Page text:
Buchanan (see Montgomery Martin's compilation) vol. I. p. 92, adds, that there is also a large conical mound called a punzawa (brickkiln) a name given as we shall see to other mounds of the same kind which were undoubtedly Dehgopes or Chaityas: I would refer my readers for more ample details to the above named work: other hills are also named.
I have taken much pains to ascertain, whether Behar anciently bore any other name than simply Vihar, but have been unsuccessful, though I am inclined to think it must have, so greatly have the names of places changed, and so many cities have been razed to the ground, that the locality must ever be a difficult point to decide, nothing indeed except such circumstantial records, as our Chinese traveller affords, could help us out of the difficulty; in this light, for one, then, are his travels valuable, and tracing his track may not be a profitless undertaking.
We must now leave Behar and proceed to the South West.
"Thence proceeding to the S. W. for one yeou yan you come to the hamlet of Na-lo. This is the place where Ché-li-foe (Sariputra) was born, and here he entered nirvána. They have here built a tower, which still exists."
It is somewhat difficult to follow the track here and to fix Na-lo, for in a south-westerly direction, taking a wide range of that quarter of the compass, we have several places sites of Jain and Budhist relics; first of all, farthest east is "Pawapùri" held sacred up to this time by the Jains, being the spot where Mahivira Swami died: his "churun" or feet marks are placed in the centre of a large tank on an island which is approached by an embankment and bridge, this and other expensive works, would seem from an inscription, (of which I annex a copy) to have been executed about 500 years ago, by rich merchants of the Sarawne east: there are no remains here which would indicate the previous existence of a tower or chaitya, though from Mahavira dying at this place, I should be inclined to think, that it must have been one of sanctity belonging to the Buddhists and Jains, which latter are. I believe, merely a heretical offset. The distance from Behar is three coss, which is less than one yojun.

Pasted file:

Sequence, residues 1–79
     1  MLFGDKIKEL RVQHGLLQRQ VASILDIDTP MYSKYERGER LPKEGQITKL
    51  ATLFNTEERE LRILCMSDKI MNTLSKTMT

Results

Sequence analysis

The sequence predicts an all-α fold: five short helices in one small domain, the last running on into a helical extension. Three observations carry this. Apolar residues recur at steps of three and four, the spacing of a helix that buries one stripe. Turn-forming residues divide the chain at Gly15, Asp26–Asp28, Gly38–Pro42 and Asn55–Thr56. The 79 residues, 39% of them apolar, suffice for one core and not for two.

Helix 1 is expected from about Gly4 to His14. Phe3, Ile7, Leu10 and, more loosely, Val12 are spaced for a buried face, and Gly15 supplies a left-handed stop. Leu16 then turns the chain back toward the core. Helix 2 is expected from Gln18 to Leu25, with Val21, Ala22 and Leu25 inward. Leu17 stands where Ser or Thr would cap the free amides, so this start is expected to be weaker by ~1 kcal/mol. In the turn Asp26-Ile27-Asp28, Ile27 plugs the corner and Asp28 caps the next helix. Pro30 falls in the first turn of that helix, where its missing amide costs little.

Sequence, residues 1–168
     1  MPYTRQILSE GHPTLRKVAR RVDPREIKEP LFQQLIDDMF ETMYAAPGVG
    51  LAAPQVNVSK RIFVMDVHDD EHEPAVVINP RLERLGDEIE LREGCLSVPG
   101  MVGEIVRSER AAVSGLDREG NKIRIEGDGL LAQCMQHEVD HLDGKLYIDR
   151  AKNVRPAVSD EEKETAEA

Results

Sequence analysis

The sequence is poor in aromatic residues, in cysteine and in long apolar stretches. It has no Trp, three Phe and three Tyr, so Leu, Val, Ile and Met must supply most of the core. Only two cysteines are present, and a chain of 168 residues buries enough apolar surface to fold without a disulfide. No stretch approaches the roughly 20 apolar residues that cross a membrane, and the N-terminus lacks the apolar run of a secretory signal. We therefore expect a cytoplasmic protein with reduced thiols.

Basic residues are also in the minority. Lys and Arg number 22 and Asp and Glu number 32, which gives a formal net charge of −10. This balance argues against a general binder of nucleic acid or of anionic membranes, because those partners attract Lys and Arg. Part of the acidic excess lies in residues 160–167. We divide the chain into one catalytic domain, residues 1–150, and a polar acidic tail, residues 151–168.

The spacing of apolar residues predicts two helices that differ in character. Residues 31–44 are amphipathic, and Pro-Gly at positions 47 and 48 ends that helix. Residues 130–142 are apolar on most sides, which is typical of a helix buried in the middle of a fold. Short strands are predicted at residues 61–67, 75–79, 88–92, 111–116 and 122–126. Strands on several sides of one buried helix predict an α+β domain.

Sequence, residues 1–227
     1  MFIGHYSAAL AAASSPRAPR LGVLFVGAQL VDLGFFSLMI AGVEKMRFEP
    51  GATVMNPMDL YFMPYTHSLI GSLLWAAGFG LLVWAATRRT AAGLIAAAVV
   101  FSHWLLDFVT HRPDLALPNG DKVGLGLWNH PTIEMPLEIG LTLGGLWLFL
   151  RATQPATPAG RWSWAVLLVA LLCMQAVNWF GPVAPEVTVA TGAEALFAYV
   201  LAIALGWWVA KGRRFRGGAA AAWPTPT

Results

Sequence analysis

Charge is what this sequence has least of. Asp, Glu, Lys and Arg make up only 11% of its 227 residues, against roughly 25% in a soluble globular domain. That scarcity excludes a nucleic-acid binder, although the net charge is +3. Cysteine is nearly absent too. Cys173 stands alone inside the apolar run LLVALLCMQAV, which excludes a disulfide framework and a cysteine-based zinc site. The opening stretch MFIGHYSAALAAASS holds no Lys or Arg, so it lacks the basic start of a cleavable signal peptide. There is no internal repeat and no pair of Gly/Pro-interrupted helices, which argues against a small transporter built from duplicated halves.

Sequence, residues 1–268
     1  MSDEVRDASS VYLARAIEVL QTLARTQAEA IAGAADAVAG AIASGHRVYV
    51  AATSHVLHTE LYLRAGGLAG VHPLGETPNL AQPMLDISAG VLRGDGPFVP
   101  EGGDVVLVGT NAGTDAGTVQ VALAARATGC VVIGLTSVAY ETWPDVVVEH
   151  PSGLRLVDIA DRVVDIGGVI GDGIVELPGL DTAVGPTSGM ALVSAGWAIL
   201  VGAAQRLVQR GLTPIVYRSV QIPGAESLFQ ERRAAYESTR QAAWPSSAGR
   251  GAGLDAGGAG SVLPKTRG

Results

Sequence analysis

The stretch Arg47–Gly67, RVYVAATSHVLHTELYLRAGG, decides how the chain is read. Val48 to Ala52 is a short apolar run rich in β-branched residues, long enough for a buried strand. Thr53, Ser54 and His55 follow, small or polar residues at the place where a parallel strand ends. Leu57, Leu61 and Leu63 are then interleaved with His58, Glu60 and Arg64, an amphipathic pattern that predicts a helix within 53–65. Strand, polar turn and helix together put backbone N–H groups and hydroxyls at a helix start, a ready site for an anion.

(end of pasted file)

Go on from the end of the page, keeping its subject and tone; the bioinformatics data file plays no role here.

The next place, further to the west of south is the village of Girryek, and the hill of that name on the top of which is an ancient tower called Jarasindh-ka-bytuki, and attributed to that monarch. There are many ruins of gigantic works here, among which is a causeway leading from the Panchanné rivulet up the hill to the tower, a description of which may be found in Buchanan, vol. I. p. 79, and in the Journal A. S. vol. VIII. p. 353—there is also the site of a large town on the eastern side of the river close to the modern village of Girryek. I am scarcely inclined to suppose this place to be Na-lo, on account of its being so close to the "Gridhra-kuta" and Buddha's cave, together with other remarkable features of the place which would have hardly been overlooked, and it seems strange that the pilgrim should have gone so far out of his way (on to Rajagriha) to return to the "Gridhra-kuta” ́ caves; the direction of Rajagriha, however, is westerly, and so far answers to our traveller's bearings.
Another spot, six miles in a more westerly direction, is that called "Burgaon," where there are several high tumuli, also many fine sculptures, numerous large tanks and wells, the ruins are most extensive; the ancient name of this town was Kùndilpur, and is mentioned in the Bhagavut, and in the Jain books, it is nearly due north of Rajagriha, about 7 miles. I can again hardly think that such a place could have escaped the notice of so observant a person as Fa-Hian. In the